But this can be taken a step further. Military and security organizations don’t exist in a bubble. They depend on hundreds of thousands of workers. From electricians who wire up CIA buildings to coders who build surveillance software, we find laborers capable of literally shutting down the system when organized collectively.
And we’ve also seen individual attempts from the inside to reveal and destabilize the state’s undemocratic surveillance by the likes of Edward Snowden. While these actions are admirable and at least brought the issue to public light, they haven’t measurably slowed the trend towards increasing surveillance.
ALL THIS provides some insight into how workers at Amazon could respond to Rekognition.
Beyond achieving the temporary victory of stopping this one corporation’s licensing of surveillance technology (and thereby slowing down its spread), such struggles broaden awareness of the extent to which this technology is being applied and help to develop a working-class consciousness more aware of its own power in fighting back.
In doing so, tech workers’ struggles can contribute to a culture that is safer for government workers to fight back (just as protests in the U.S. against the war in Vietnam preceded soldiers’ resistance against officers in Vietnam).
Unfortunately, the tech sector has scant history of labor organizing, which has only begun to change recently. Earlier this year, tech workers at Lanetix surprised many by voting to unionize. The company responded by firing its entire engineering staff. At other tech companies, this idea of unionizing is only a distant hope of labor organizers.
Part of the difficulty in organizing tech workers lies in the fact that most of society and a sizeable portion of the left do not view engineers as part of the working class.
But like the rest of the working class, tech workers sell their labor for a wage, and in exchange, produce a commodity, which their employer sells for a profit — i.e., more than the employer had to lay out for wages, raw materials and other costs — in contrast to those who receive a salary for managing others or who passively acquire income due to their existing ownership of wealth.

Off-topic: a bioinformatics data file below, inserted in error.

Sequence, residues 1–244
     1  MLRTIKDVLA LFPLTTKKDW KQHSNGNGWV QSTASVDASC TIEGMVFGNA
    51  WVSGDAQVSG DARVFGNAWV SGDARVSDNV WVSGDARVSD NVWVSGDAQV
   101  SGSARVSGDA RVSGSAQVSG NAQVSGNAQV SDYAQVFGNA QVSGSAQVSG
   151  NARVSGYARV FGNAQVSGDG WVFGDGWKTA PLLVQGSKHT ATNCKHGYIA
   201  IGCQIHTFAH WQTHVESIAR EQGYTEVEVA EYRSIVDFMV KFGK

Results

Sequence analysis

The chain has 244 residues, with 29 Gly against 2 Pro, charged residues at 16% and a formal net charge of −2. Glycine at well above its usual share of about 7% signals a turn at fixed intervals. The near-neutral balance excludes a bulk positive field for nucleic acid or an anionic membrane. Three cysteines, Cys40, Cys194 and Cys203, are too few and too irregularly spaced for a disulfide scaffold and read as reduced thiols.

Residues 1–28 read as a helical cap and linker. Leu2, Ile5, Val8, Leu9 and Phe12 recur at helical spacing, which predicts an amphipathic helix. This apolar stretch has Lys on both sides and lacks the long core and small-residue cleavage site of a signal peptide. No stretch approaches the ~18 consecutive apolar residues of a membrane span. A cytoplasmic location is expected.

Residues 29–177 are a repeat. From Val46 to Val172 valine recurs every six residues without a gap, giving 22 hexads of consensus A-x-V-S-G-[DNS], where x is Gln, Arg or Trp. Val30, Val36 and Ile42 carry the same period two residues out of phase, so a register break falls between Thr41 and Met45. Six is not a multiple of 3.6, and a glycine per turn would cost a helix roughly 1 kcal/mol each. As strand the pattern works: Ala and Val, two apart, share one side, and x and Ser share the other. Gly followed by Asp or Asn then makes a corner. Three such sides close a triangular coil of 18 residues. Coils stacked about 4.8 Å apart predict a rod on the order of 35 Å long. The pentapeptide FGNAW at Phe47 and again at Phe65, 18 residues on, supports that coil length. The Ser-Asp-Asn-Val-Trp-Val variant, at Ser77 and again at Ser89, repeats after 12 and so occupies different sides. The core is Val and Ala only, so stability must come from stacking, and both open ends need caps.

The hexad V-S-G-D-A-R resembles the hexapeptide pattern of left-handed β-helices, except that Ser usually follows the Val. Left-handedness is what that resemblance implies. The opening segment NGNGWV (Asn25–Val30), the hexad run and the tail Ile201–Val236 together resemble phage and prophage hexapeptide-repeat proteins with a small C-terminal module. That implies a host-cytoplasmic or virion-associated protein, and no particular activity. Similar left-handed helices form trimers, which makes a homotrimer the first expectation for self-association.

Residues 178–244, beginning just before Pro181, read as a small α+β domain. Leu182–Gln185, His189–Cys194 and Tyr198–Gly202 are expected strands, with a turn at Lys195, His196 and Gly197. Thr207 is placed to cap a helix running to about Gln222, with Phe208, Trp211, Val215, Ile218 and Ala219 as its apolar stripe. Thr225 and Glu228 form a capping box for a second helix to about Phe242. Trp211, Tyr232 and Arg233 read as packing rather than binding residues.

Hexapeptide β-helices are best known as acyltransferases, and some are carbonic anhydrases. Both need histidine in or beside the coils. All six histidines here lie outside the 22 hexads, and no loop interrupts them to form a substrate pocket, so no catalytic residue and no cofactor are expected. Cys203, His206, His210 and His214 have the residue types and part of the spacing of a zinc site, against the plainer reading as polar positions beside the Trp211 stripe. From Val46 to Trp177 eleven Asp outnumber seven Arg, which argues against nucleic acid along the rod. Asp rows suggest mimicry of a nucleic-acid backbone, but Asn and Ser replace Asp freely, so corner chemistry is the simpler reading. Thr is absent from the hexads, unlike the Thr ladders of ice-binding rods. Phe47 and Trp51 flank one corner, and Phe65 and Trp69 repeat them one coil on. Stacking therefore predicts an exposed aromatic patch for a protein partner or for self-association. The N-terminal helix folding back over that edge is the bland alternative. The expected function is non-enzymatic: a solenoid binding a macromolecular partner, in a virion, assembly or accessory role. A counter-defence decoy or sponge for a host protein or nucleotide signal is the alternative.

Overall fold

As in other industries, we observe that technology firms constantly seek to extract as much labor from employees as possible (by getting workers to put in as many hours as possible as efficiently as possible) while making costs as low as possible (by pushing down wages, benefits and working conditions).
While the level of education required and the scarcity of those seeking tech work means firms are compelled to offer higher salaries, tech workers are, like other workers, exploited in the production process.
There’s also a drive to de-skill tech work — just as has happened in other industries. Examples of this de-skilling include the simplification of coding languages, the standardization of coding practices, and the automation of software maintenance.
Although software coders may earn higher wages than many other workers, they still have the same relationship to the means of production, which implies a shared interest in fighting exploitation that will only become more pronounced as software production becomes further deskilled over time.
THUS, IT’S reasonable to think that tech workers, given their incentive to fight back against their exploitation under capitalism, might even embrace the strike weapon. At this time, though, the strike seems distant from the current consciousness in tech.
Furthermore, generating labor struggle in response to Rekognition presents the added challenge of relating to a broader working-class and social concern, rather than a workplace issue. Broader community organizing, therefore, seems essential in sparking opposition to Amazon’s licensing of Rekognition.
Fortunately, this has already begun — witness the press conference about Rekognition outside of Amazon led by ACLU of Washington, Council on American-Islamic Relations WA, and several others. Community organizing in Washington County, Oregon, and Orlando against their police departments’ use of this technology could add helpful pressure.